Now that we have a rough idea how President Barack Obama and his lieutenants plan to prop up insolvent financial institutions using taxpayers’ money, we’re left with a more difficult question: Why?Source: Jonathan Weil at Bloomberg.
Why doesn’t the Obama administration force insolvent banks and insurance companies to come clean about their losses first? It’s the "why" that’s so vexing. The who, what, when, and how are mere details, by comparison...
He could have ordered all U.S. financial institutions to immediately confess whatever losses they hadn’t yet recognized. And he could have backed that up by vowing to prosecute every officer, director and auditor the Justice Department could find who had approved numbers they knew to be wrong.
Obama didn’t do that. And now, six months into the government’s Troubled Asset Relief Program, his administration’s approach to the financial crisis is largely indistinguishable from its predecessor’s. The only objective, it seems, is to buy time, in hopes that an economic recovery somehow will materialize and lift the financial system back to health.
The Obama administration’s "strategy", for lack of a better word, is to keep plying broken financial institutions with as much taxpayer money as the government can print. And so the government will keep subsidizing failed mega-banks indefinitely, rather than placing any into receivership or liquidating them.
Thursday, 9 April 2009
Tuesday, 7 April 2009
Lloyd Blankfein must be the luckiest guy on Wall Street. He leads one of the Street's biggest bailed-out firms, but unlike other companies propped up by taxpayers, Blankfein's Goldman Sachs Group Inc.Source: MarketWatch
GS is far more profitable. And it's poised to become a more influential force with greater market share. Different from American International Group Inc. or Citigroup Inc., Goldman hasn't had to forfeit an ownership stake in its firm, and its shareholders - many of them management and employees - have benefited. Goldman shares trade above $100. That's less than half of where Goldman shares traded at their peak, but far better than the $1 and $3 that AIG and Citigroup shares trade for, respectively.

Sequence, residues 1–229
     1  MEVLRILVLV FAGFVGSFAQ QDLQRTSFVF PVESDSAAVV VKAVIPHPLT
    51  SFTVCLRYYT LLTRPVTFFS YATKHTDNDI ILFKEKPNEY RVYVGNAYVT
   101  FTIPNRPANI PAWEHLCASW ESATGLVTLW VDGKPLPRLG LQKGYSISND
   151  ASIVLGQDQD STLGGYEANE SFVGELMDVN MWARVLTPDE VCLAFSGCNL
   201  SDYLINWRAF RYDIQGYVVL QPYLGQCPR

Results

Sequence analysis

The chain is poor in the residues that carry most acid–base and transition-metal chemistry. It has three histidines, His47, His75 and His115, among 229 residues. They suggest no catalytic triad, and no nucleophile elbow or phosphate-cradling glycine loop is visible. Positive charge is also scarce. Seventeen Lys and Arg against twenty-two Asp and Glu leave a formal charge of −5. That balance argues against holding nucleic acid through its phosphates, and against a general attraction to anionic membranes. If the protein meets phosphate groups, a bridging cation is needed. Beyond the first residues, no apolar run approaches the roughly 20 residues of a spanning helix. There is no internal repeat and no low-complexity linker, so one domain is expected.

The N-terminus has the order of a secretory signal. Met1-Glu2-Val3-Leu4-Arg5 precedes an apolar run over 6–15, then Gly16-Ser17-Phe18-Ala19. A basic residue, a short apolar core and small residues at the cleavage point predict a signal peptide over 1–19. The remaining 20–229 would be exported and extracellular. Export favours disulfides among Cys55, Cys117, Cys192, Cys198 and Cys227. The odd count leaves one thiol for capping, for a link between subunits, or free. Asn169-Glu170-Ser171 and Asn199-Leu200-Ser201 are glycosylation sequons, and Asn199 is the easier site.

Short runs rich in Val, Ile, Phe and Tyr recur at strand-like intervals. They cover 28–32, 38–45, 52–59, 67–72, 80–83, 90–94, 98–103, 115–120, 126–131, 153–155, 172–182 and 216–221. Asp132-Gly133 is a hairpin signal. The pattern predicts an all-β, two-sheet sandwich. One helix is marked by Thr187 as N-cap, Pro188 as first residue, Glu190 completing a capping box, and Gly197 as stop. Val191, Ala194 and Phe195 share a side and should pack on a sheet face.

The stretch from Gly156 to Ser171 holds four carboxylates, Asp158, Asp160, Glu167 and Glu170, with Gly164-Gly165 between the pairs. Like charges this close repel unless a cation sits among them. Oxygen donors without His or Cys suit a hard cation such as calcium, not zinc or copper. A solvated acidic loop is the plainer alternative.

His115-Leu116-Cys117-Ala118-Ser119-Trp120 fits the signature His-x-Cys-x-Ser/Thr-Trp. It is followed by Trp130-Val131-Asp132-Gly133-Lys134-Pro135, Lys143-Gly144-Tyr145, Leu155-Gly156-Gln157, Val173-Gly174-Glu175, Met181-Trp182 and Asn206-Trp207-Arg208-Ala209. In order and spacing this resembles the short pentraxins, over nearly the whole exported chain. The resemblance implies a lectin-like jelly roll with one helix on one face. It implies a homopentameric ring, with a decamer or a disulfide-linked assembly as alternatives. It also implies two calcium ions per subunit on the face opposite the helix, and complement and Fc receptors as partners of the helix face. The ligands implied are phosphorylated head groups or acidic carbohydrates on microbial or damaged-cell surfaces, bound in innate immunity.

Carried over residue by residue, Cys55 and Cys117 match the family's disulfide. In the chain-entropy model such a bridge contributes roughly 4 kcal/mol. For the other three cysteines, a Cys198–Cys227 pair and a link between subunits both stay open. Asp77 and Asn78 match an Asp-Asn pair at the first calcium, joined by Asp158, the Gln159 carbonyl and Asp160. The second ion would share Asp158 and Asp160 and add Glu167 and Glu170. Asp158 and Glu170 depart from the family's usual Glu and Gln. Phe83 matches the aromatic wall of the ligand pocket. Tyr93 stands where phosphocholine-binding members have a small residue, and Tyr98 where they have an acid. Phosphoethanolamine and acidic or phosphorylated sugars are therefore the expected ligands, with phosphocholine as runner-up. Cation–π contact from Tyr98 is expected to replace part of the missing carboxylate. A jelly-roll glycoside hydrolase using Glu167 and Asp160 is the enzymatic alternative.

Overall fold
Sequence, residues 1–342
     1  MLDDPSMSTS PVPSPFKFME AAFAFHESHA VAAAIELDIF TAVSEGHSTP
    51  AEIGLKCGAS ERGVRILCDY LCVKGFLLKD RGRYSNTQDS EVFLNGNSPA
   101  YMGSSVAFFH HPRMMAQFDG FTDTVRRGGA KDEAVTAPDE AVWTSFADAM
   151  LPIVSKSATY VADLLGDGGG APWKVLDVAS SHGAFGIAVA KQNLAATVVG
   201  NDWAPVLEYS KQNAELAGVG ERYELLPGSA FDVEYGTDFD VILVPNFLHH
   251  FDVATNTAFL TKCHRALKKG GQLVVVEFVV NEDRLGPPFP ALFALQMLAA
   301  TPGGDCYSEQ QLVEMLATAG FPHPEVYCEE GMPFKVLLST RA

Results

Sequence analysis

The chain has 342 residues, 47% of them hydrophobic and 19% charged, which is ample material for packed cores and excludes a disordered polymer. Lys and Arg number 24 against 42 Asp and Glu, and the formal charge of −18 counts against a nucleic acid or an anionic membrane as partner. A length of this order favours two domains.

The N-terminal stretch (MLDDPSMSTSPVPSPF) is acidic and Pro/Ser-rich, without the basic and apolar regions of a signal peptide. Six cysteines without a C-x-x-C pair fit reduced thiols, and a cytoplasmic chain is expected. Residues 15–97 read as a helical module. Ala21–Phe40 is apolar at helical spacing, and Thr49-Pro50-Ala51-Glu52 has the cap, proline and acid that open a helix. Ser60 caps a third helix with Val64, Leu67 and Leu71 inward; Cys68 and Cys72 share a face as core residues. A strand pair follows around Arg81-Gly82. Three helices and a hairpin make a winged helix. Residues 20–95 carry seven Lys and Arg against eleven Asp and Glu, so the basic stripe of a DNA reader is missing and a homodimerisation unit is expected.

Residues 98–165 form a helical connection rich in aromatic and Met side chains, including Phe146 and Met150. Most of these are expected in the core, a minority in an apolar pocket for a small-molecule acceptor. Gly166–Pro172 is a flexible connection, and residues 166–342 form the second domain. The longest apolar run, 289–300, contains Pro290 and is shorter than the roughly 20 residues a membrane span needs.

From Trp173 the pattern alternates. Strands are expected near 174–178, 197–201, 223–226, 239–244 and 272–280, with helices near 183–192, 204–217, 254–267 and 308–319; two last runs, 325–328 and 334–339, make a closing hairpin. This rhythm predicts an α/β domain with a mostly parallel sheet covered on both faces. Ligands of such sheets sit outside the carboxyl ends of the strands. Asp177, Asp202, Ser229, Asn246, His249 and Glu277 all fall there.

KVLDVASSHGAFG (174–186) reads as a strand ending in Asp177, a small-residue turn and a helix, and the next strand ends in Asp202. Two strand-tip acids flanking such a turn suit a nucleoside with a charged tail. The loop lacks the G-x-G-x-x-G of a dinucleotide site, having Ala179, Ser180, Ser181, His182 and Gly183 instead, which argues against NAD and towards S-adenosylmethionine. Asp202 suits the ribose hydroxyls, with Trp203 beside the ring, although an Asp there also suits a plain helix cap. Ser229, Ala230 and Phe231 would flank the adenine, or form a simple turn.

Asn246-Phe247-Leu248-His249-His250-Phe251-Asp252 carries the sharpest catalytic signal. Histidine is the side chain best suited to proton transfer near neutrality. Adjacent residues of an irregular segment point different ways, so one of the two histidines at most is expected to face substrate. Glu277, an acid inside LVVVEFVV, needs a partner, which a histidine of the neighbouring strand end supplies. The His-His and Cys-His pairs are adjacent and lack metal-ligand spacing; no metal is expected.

Since the fall of Bear Stearns Cos. a little more than a year ago, Goldman has taken more than $20 billion in taxpayer cash through loans, payments and backstops. Goldman's latest bailout coup was a $12.5 billion paid out of AIG's $180 billion government cash infusion.
Until it was fully extricated, Goldman always characterized its exposure to AIG as "immaterial," and that its $20 billion notional exposure to AIG was hedged. Turns out that it was - through government bailouts that didn't exist when Goldman entered the contracts.
Even former New York Luv Guv Eliot Spitzer told journalist Fareed Zakaria on Sunday that he thinks something smells. "The web between AIG and Goldman Sachs is something that should be pursued," Spitzer said. "Why did [those payments] happen, what questions were asked, why did we need to pay 100 cents on the dollar for those transactions if we had to pay anything, what would have happened to the financial system had it not been paid?"
But the AIG-Goldman affair is just the beginning, under the policy enacted by former U.S. Treasury Secretary Henry Paulson, Goldman's chief executive until 2006. Major competitors have failed or been diminished. Goldman already seems, if not just poised, to be dominating what's left of the investment banking landscape...
Friday, 3 April 2009
Former Illinois governor Rod Blagojevich has been indicted for corruption while in office - including trying to sell the Senate seat held by Barack Obama.Source: The Metro
A grand jury indicted the 52-year-old Democrat on 16 felony counts, including racketeering conspiracy, wire fraud, extortion conspiracy, attempted extortion and making false statements to federal agents.
Blagojevich, who claims he did nothing wrong and is a victim of a political witch-hunt, has promised to fight the charges in court and has a book contract to tell his side. If convicted, he faces more than 300 years in prison and at least $4million in fines, according to the indictment.
Blagojevich, elected in 2002, was in his second term when the state legislature kicked him out of office nine weeks ago, following his arrest in December. The 75-page indictment alleges Blagojevich was at the centre of a conspiracy to seek cash, campaign contributions and jobs for himself and others.
They would allegedly be in exchange for state appointments, state business, legislation and pension fund investments. Among those actions were attempts to use his authority to appoint a US senator when Obama vacated his seat after being elected president in November, US attorney Patrick Fitzgerald said.
The governor was caught on court-approved wiretaps describing the Senate seat as something so valuable "you just don't give it away for nothing". Blagojevich added he might appoint himself if he could not get anything for the seat.
Wednesday, 1 April 2009
US President Barack Obama's second choice for health secretary has become the latest of his nominees to reveal tax payment problems.Source: BBC
Kansas Governor Kathleen Sebelius said she had recently corrected her tax returns and paid almost $8,000 (£5,560) in back-taxes for 2005-2007. Ms Sebelius is due to testify at the US Senate on Thursday...
In a letter to the heads of the Senate Finance Committee, where Ms Sebelius is due to testify on Thursday as part of her confirmation process, she said the back-payments were the result of "unintentional errors".
They involved charity donations, a house sale, and business expenses and came to light in a review of their tax returns ordered ahead of the confirmation, she said. She said that together with her husband she had paid $7,040 in additional tax and $878 in interest.